When Anh stands, the patient motions for us to follow, The scent of stale rice, musty blankets, and dried sweat presses up against me and I shiver in spite of the humidity of the day. I hurry to keep up as we wind past stretchers laid out in the hallway, past whole families crowded onto benches, and past cubbies stacked with blankets, cooking pots, and wicker baskets.
We stop in front of a young woman who is lying on a faded lounger in the hallway. Two older, cap-wearing fellow patients hover over her like nervous hens; their brows furrowed and their faces filled with concern. Anh sinks down to perch on the side of the stretcher and holds the young patient’s hand. The women looks up at me and I can almost feel the fatigue in the slowness of her movements as she reaches up to tug her hat a little lower to hide her bald head. As she struggles to catch her breath, I watch the chemo drugs drip into her veins and have a flashback to a day 2 years ago when the same drugs dripped into mine. The staccato conversation before me continues until the patient looks from Anh to me and her eyes shift from dark to light. She points to my hair and her features melt into a beautiful smile.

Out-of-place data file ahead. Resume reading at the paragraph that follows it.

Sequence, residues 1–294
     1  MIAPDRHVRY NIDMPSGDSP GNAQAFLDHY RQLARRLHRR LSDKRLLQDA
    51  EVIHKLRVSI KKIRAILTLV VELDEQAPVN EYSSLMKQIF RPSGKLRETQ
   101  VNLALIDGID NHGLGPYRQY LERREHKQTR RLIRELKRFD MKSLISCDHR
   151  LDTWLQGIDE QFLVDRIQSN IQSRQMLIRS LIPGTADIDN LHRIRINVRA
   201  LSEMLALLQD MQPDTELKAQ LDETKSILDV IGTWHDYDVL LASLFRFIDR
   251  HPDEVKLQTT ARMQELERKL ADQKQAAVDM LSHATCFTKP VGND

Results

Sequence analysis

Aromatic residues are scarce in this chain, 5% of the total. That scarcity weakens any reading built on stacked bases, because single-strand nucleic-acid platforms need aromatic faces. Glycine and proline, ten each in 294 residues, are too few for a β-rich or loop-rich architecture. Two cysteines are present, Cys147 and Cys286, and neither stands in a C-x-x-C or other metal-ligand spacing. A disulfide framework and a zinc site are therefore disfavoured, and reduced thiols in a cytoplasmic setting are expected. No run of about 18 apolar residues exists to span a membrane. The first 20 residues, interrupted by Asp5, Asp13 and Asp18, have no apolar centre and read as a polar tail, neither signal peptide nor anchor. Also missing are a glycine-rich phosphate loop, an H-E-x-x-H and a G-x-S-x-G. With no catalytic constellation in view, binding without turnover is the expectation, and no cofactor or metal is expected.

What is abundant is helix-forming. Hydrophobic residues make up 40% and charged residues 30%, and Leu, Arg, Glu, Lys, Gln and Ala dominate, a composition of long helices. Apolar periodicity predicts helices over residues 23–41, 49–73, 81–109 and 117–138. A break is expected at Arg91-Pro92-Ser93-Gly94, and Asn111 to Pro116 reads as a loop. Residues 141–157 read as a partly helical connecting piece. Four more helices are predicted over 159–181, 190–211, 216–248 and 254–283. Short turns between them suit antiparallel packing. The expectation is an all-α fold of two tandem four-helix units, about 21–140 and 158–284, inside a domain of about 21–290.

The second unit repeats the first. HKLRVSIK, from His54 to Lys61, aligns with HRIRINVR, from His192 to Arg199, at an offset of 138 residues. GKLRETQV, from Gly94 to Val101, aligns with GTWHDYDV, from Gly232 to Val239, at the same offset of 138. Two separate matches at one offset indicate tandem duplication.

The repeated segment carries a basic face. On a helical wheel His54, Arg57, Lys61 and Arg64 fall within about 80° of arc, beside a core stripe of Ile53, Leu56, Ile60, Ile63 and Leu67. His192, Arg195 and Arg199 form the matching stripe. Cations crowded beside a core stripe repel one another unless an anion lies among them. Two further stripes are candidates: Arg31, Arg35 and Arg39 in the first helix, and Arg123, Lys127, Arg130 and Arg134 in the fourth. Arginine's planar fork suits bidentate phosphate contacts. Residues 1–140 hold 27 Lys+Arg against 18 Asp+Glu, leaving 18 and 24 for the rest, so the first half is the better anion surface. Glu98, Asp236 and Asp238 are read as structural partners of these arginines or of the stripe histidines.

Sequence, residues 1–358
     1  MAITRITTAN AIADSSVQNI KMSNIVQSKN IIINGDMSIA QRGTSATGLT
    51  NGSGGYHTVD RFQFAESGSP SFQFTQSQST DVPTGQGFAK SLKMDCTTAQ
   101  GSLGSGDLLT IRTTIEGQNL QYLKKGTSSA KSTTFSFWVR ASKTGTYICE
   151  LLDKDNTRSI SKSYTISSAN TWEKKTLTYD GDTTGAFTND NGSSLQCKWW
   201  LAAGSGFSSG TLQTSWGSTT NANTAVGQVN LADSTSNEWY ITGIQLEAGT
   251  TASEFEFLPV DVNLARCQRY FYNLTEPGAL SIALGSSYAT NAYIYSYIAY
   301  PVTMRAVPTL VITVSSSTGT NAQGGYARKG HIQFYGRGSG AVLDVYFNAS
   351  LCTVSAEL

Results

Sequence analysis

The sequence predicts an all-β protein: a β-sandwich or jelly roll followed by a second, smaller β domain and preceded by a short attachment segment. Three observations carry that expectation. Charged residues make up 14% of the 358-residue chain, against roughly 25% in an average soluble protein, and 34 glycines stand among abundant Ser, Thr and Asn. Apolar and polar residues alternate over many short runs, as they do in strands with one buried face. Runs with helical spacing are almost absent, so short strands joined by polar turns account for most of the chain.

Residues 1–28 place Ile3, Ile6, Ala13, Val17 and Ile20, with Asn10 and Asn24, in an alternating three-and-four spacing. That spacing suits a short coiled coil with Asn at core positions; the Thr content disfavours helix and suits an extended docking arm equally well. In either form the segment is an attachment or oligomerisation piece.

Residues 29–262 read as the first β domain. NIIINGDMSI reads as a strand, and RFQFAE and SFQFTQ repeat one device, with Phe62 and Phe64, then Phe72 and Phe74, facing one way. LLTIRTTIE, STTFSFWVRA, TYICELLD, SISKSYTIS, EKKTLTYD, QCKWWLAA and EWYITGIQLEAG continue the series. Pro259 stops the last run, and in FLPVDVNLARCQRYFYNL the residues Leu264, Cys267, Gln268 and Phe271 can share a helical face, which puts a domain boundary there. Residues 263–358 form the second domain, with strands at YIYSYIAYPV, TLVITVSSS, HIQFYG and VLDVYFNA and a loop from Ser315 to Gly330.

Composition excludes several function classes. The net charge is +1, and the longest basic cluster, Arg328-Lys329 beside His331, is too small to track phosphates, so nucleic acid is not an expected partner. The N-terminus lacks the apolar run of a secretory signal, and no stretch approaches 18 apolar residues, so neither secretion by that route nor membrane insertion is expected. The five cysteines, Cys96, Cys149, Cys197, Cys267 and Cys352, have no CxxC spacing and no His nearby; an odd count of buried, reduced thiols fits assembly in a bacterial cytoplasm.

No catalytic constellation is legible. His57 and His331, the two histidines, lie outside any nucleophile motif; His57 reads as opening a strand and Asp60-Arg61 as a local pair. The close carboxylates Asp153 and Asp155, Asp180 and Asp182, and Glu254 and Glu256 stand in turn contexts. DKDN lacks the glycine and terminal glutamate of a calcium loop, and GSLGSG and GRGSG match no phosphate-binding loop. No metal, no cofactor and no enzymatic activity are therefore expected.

Anh turns to me and says, “I told her that you also had breast cancer and survived it and she will too.”
Too soon, we have to leave, but I crouch down beside the woman and for a moment have the opportunity to hold her hand. It takes everything in me to hold back my tears. In this moment, it does not matter that we speak different languages and come from very different circumstances. In this moment, we are simply two sisters who share the same disease. Our stories may be different, but we are the same.
The time I spent with Anh of Sympameals left me deeply inspired by the difference one person can make. I saw the tears of gratitude from three women who received this month’s subsidy and I felt honoured to meet Anh and further understand the critical work she and her team are doing for cancer patients here in Ha Noi, Vietnam.